That’s a first for Greengrass, whose ambivalence was previously overpowering, often productively. On “Bloody Sunday,” the stated goal was “to make a film where at the end of it we could all say, yes, it must have been a bit like that.” But tying together all of Greengrass’ work of a decade is that shaky-cam, which yields mixed aesthetic results but always implies the same thing: what you’re watching is real.

That’s a standard mockumentary trope, but it has the weird side-effect of equalizing Matt Damon on the run and 9/11. That makes me queasy, and it’s not just motion sickness. Whether Damon is realistically fleeing fictional CIA overlords or in search of The Truth About Iraq makes no difference (and when “Green Zone” gets into dubious conspiratorial territory, that goes double). Building up off “United 93″‘s almost impeachable veracity, now we have… this. Let the games begin.

[Photos: “Green Zone,” Universal, 2010; “United 93,” Universal, 2006]


Hacked In

Funny or Die Is Taking Over

FOD TV comes to IFC every Saturday night.

Posted by on


We’ve been fans of Funny or Die since we first met The Landlord. That enduring love makes it more than logical, then, that IFC is totally cool with FOD hijacking the airwaves every Saturday night. Yes, that’s happening.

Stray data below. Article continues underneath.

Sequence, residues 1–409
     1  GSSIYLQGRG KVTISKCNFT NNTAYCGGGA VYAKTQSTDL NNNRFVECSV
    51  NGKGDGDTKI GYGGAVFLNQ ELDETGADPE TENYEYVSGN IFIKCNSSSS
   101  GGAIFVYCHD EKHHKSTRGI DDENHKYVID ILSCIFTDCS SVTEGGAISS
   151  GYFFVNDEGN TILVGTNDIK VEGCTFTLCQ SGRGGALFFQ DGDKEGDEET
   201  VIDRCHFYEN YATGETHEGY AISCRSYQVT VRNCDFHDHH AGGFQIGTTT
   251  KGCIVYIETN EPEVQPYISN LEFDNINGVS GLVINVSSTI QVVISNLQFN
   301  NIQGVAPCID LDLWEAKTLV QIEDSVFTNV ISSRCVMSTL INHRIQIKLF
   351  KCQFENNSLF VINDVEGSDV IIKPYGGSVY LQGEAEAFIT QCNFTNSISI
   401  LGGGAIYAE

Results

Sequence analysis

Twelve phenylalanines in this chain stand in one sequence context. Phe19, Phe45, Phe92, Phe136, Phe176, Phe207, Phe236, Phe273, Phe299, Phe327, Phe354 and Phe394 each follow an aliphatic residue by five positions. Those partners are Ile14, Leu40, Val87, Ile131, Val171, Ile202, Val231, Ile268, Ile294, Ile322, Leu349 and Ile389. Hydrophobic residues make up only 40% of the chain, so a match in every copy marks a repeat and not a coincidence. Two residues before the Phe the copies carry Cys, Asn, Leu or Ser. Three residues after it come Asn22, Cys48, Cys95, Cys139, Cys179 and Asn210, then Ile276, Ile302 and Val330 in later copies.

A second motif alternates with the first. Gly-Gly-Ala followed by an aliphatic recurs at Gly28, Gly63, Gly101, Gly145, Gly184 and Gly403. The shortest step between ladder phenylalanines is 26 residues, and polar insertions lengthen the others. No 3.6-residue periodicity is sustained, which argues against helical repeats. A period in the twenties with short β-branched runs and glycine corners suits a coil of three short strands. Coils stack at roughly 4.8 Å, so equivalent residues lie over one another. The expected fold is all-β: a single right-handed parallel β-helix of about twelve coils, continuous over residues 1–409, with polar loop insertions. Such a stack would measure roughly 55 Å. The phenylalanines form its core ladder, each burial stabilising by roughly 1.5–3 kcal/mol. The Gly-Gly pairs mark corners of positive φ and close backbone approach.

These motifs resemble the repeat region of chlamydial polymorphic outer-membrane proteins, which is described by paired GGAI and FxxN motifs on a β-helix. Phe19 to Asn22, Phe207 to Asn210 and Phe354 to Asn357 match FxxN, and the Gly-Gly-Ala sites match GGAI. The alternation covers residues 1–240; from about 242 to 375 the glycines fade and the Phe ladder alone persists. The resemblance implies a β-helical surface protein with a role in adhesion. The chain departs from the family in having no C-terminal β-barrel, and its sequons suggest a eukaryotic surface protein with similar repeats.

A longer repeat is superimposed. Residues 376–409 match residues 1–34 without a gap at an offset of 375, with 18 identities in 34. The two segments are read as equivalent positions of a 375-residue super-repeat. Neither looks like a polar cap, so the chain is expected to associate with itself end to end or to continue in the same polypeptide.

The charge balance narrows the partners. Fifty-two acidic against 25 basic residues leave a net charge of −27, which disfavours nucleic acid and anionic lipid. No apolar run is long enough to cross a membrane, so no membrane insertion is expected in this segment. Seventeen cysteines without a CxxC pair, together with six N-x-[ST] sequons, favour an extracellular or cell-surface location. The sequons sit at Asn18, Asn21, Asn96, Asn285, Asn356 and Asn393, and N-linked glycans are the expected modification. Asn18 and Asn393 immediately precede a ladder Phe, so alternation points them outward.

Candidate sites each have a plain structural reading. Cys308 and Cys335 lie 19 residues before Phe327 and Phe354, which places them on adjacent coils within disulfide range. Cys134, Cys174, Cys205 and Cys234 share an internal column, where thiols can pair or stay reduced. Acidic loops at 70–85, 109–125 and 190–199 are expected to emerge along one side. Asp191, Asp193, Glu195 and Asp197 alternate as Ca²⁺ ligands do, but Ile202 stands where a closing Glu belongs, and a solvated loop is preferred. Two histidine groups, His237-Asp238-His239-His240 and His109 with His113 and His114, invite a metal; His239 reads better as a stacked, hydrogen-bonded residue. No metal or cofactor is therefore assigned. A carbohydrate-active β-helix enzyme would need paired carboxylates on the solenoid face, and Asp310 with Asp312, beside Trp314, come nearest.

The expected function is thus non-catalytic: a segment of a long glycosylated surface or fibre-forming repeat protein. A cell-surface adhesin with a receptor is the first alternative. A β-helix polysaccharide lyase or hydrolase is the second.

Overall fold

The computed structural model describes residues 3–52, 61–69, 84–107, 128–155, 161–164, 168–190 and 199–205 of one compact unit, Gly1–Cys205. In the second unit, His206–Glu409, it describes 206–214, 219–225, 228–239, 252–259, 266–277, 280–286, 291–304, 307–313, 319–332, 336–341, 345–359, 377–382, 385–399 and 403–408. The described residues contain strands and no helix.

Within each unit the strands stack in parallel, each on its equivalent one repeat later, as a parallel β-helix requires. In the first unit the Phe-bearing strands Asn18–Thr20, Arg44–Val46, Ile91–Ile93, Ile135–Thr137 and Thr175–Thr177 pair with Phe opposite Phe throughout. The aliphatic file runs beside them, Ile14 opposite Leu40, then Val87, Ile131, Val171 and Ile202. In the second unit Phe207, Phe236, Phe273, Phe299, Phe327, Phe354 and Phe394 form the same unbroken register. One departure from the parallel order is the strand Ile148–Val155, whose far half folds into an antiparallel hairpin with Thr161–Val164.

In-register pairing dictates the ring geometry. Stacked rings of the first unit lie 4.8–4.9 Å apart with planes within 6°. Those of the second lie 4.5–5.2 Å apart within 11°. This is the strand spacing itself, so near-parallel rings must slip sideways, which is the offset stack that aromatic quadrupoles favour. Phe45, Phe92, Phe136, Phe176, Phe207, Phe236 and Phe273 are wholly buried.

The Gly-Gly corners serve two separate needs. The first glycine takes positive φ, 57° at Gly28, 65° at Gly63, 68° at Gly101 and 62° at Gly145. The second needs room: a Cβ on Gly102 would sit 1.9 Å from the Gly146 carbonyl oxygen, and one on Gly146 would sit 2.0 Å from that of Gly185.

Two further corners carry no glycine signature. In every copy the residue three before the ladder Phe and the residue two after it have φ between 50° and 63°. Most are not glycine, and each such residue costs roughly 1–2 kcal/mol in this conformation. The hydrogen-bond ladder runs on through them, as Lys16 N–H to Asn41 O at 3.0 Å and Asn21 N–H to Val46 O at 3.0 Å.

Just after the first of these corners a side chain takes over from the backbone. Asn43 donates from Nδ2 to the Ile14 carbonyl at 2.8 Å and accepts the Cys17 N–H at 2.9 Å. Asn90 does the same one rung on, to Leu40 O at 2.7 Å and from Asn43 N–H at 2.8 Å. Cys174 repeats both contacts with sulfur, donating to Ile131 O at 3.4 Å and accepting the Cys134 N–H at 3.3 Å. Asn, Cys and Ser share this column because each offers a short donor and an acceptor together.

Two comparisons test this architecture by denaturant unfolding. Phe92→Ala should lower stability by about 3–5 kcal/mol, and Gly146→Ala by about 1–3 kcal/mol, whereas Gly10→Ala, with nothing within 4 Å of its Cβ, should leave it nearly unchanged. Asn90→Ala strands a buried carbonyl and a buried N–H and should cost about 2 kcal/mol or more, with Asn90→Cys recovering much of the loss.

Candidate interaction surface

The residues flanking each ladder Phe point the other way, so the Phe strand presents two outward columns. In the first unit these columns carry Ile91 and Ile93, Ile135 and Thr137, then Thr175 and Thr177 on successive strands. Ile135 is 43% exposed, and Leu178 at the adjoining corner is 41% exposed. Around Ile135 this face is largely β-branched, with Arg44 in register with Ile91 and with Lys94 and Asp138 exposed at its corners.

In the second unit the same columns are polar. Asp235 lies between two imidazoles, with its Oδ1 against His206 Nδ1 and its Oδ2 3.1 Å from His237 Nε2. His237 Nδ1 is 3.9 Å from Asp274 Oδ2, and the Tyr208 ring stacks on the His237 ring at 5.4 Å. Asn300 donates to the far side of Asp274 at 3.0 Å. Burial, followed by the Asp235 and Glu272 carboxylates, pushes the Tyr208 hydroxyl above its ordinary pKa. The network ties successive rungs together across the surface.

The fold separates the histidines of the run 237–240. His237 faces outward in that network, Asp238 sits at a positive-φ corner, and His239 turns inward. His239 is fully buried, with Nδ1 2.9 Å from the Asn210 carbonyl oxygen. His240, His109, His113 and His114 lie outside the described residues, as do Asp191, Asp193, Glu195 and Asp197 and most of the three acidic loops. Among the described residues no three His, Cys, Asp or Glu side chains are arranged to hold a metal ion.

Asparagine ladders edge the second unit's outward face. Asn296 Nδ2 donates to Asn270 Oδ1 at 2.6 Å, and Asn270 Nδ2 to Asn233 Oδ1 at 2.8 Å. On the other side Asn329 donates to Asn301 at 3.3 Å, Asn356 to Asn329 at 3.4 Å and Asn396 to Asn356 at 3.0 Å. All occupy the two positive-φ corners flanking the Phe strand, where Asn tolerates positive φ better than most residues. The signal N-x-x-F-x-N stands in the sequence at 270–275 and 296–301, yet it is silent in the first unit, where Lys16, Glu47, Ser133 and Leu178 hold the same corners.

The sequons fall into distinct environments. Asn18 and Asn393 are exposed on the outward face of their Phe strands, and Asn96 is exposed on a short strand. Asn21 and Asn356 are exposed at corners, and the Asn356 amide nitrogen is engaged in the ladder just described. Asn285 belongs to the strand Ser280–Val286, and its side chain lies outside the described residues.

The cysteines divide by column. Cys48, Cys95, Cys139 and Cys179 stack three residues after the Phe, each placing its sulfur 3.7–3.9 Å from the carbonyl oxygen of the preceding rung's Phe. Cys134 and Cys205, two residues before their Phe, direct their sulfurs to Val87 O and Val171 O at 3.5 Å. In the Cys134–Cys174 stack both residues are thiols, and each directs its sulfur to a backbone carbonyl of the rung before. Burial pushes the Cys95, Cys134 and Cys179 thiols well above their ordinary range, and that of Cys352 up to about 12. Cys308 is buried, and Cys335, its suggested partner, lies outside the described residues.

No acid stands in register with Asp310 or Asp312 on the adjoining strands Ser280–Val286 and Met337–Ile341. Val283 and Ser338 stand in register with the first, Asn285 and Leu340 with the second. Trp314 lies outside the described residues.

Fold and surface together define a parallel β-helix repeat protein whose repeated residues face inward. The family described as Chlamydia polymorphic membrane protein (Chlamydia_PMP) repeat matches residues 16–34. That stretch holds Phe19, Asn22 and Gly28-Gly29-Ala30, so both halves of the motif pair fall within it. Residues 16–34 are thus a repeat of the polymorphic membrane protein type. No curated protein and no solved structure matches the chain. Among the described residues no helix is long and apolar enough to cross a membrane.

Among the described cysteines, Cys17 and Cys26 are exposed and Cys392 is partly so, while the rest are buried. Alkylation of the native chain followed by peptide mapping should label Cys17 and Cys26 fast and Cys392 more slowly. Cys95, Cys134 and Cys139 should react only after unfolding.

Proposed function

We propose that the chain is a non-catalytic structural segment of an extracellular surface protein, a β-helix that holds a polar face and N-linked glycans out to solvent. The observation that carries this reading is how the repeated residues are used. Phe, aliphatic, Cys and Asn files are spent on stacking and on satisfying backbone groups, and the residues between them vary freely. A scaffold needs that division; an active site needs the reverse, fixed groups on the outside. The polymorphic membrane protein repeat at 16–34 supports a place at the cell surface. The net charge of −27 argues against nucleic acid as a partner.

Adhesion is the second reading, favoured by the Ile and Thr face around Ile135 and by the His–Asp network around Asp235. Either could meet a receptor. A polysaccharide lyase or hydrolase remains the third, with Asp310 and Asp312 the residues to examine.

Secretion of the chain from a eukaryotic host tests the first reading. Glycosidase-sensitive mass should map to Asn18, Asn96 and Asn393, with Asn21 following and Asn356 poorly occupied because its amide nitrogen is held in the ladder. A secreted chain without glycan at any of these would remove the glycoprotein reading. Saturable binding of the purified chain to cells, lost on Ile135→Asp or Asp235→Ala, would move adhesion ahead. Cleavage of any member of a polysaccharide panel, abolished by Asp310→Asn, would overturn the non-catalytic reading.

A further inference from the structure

The appropriately titled FOD TV looks like something pulled from public access television in the nineties. Like lo-fi broken-antenna reception and warped VHS tapes. Equal parts WTF and UHF.

Get ready for characters including The Shirtless Painter, Long-Haired Businessmen, and Pigeon Man. They’re aptly named, but for a better sense of what’s in store, here’s a taste of ASMR with Kelly Whispers:

Watch FOD TV every Saturday night during IFC’s regularly scheduled movies.


Wicked Good

See More Evil

Stan Against Evil Season 1 is on Hulu.

Posted by on
GIFs via Giphy

Okay, so you missed the entire first season of Stan Against Evil. There’s no shame in that, per se. But here’s the thing: Season 2 is just around the corner and you don’t want to lag behind. After all, Season 1 had some critical character development, not to mention countless plot twists, and a breathless finale cliffhanger that’s been begging for resolution since last fall. It also had this: